If you really want to investigate what you personally find to be "soulful," then simply do an experiment. Collect a large variety of images and then separate them into what you find to be soulful and what you find the opposite, and those that fall somewhere in the middle. Then you analyze the common traits in each group. Like I already said, the so-called intangible aren't exactly intangible, just that most people don't bother investigating and spending enough time understanding.

I'll bet that the images you find to be soul will have some similar traits like expressive emotions, evocative moods, strong atmosphere, some sort of visual narrative, some kind of dramatic contrast, compelling composition...etc. These are all tangible aspects that could be understood and studied. I think some things are only mysterious if you haven't learned enough about it or haven't excelled enough as a practitioner of the discipline. It's actually very surprising how much isn't mysterious if you spent enough time investigating. For example, music can be utterly magical to most people--the way the sophisticated harmonies and captivating melodic contours and complex rhythms take a hold of us and put us and transport us to another world. But if you actually studied music for long enough, you'll learn to deconstruct even the most complex music and learn what makes it tick--how the tension is built up with dissonance in harmonic intervals, and how it modulates over time and then finally resolves for the release. Even the ethereal and heavenly sounding impressionistic music could be deconstructed, such as the use of whole tone scale and parallel fifths often used in impressionistic styles. Melodies also have contours that can be broken down to see how each interval contributes to a very specific emotional response in conjunction to the harmonic structure.Rhythmic elements like syncopation is the foundation of modern "beats" but so many people who aspire to "make beats" never even make an effort to understand the anatomy of a rhythm.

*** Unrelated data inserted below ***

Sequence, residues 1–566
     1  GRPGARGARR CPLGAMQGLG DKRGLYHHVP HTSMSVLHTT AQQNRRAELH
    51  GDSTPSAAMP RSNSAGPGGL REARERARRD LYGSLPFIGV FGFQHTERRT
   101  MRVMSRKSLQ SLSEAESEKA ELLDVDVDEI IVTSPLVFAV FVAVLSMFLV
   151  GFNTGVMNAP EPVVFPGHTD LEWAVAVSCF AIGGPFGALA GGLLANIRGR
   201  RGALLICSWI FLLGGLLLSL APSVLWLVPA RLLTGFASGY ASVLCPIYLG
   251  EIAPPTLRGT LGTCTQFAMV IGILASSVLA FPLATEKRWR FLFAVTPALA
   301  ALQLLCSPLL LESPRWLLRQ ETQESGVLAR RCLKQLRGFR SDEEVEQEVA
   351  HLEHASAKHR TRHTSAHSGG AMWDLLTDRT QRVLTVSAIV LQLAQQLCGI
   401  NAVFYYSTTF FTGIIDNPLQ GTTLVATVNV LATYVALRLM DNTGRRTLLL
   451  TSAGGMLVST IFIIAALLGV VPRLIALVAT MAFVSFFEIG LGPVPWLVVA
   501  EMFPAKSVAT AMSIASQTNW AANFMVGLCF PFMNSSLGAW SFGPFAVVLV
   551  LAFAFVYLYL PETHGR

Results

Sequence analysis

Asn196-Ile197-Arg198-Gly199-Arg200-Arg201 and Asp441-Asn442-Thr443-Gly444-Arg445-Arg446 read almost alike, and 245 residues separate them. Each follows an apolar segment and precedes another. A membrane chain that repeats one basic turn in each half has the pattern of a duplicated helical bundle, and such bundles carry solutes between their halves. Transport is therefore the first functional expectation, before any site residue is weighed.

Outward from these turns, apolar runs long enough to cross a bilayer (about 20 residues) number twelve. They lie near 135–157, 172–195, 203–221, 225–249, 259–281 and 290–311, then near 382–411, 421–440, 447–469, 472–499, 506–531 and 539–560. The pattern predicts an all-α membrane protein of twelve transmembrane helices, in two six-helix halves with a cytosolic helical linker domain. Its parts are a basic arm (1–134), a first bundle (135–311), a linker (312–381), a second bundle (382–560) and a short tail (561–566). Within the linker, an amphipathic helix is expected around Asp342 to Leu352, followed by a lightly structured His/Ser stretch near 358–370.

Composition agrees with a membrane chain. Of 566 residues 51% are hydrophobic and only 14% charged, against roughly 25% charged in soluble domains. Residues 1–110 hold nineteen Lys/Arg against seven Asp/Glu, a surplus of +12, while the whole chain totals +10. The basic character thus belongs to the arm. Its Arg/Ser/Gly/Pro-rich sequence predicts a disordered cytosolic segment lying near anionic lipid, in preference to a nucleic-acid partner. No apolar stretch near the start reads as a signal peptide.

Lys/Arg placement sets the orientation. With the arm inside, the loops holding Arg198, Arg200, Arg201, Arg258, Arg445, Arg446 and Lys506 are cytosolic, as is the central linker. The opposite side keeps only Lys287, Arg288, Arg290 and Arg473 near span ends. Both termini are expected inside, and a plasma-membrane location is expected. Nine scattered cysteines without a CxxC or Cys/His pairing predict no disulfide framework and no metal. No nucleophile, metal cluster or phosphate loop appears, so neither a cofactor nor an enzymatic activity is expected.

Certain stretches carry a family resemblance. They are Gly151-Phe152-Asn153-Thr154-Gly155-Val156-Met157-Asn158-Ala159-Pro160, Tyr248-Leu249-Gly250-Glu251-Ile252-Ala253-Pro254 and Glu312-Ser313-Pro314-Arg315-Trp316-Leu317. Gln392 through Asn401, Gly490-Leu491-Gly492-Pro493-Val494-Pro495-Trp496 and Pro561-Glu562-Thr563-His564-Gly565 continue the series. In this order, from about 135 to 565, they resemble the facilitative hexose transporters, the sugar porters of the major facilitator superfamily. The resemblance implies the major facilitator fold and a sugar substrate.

I am doing that now.......

10 October 2010, 09:59 PM
yeah thats true, and thats exactly what i was talking about too in my previous post about the iron man thing, but sometimes its hard to put into words even after studying what really your looking for.

10 October 2010, 04:54 AM
Corey, looking at your work, I think visually you've already figured out a lot of stuff that works for you, and I think how visual art foundations contribute to the impact of an image isn't that hard to figure out if you spend enough time analyzing and deconstructing a large number of works spanning a wide range of styles and time periods. But what's harder for many artists is understanding the anatomy of emotional and intellectual resonance of visual images. Most people just don't think about such things, which is a shame because that is exactly what separates an artisan from an artist. Technique and technical theory can be learned by just about anyone, but it's the stuff beyond them that makes someone truly great.

I can tell you guys right now that every single one of my students that's finished my workshop can describe in details what the OP is asking in this thread. In the workshop we completely deconstruct and analyze all the elements that contribute to an image's allure, and we also practice hard to be able to hit all those targets with lots of very challenging exercises. It's not just the widely known foundations of visual art, but also very specific emotional and intellectual elements as well narratives that visual artists have dealt with for hundreds if not thousands of years.

One of the main reasons I created such an extensive workshop was because there are many things I couldn't possibly explain in detail here in the Art Techniques and Theories forum, and the sticky threads can only do so much since the resources are collected from all over the place, and without a experienced artist guiding the lost and the confused, one gets drowned in all that information. The workshop organized everything I have ever learned about becoming a better artist into logical, and learnable structure, and a lot of it is directly related to the various elements that contribute to the impact an image has--not just visual impact, but also emotional and intellectual resonance that are the heart and soul of images.